On your one-minute walk from the coffee machine to your desk each morning, you pass by dozens of scenes – a kitchen, an elevator, your office – and you effortlessly recognize them and perceive their 3D structure. But this one-minute scene-understanding problem has been an open challenge in computer vision, since the field was first established 50 years ago. In this dissertation, we aim to rethink the path we took over these years, challenge the standard practices and implicit assumptions in the current research, and redefine several basic principles in scene understanding.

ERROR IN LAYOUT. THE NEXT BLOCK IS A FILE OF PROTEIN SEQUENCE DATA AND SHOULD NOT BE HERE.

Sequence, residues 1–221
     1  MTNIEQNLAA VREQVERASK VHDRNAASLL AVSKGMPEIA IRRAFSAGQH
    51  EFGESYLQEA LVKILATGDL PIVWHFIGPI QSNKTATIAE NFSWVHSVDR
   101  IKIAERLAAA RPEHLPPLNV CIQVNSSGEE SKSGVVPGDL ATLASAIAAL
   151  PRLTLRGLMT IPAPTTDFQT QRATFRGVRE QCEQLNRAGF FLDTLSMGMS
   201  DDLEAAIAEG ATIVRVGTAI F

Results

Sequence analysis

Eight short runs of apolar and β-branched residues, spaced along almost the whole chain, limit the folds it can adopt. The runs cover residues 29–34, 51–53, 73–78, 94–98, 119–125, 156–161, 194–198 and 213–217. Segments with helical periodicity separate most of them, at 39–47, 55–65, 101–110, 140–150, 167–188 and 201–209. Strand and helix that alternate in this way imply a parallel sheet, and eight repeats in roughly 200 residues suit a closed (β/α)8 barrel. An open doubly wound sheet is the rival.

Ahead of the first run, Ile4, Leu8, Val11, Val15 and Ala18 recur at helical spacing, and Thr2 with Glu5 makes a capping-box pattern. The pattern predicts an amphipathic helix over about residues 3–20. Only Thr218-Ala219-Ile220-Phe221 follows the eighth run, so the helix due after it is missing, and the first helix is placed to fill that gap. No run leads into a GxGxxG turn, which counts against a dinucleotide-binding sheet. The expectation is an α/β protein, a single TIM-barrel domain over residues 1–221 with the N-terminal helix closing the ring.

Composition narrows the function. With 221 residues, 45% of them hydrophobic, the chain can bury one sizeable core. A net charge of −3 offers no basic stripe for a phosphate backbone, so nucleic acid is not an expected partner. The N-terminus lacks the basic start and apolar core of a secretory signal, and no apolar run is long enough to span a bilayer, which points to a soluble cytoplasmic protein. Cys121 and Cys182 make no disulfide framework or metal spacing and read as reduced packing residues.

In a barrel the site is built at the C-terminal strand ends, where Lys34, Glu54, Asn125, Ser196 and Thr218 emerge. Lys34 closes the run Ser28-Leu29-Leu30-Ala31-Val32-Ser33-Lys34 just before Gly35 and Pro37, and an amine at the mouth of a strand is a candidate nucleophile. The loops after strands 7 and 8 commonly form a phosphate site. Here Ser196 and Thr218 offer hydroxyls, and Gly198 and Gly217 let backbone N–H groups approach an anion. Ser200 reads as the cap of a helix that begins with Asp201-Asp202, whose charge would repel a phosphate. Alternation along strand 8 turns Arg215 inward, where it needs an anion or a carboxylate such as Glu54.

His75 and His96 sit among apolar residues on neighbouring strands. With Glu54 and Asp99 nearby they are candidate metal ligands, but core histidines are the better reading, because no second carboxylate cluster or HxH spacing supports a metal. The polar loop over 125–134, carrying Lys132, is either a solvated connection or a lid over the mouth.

The key idea of this dissertation is that learning from rich data under natural setting is crucial for finding the right representation for scene understanding. First of all, to overcome the limitations of "object-centric" datasets, we built the Scene Understanding (SUN) Database, a large collection of real-world images that exhaustively spans all scene categories. This "scene-centric" dataset provides a more natural sample of human visual world, and establishes a realistic benchmark for standard 2D recognition tasks. However, while an image is a 2D array, the world is 3D and our eyes see it from a viewpoint, but this is not traditionally modeled. To obtain a 3D understanding at high-level, we reintroduce geometric figures using modern machinery. To model scene viewpoint, we propose a panoramic place representation to go beyond aperture computer vision and use data that is close to natural input for human visual system. This paradigm shift toward rich representation also opens up new challenges that require a new kind of big data – data with extra descriptions, namely rich data. Specifically, we focus on a highly valuable kind of rich data – multiple viewpoints in 3D – and we build the SUN3D database to obtain an integrated "place-centric" representation of scenes. We argue for the great importance of the computer’s role as an active explorer in a 3D scene, and demonstrate the power of place-centric scene representation.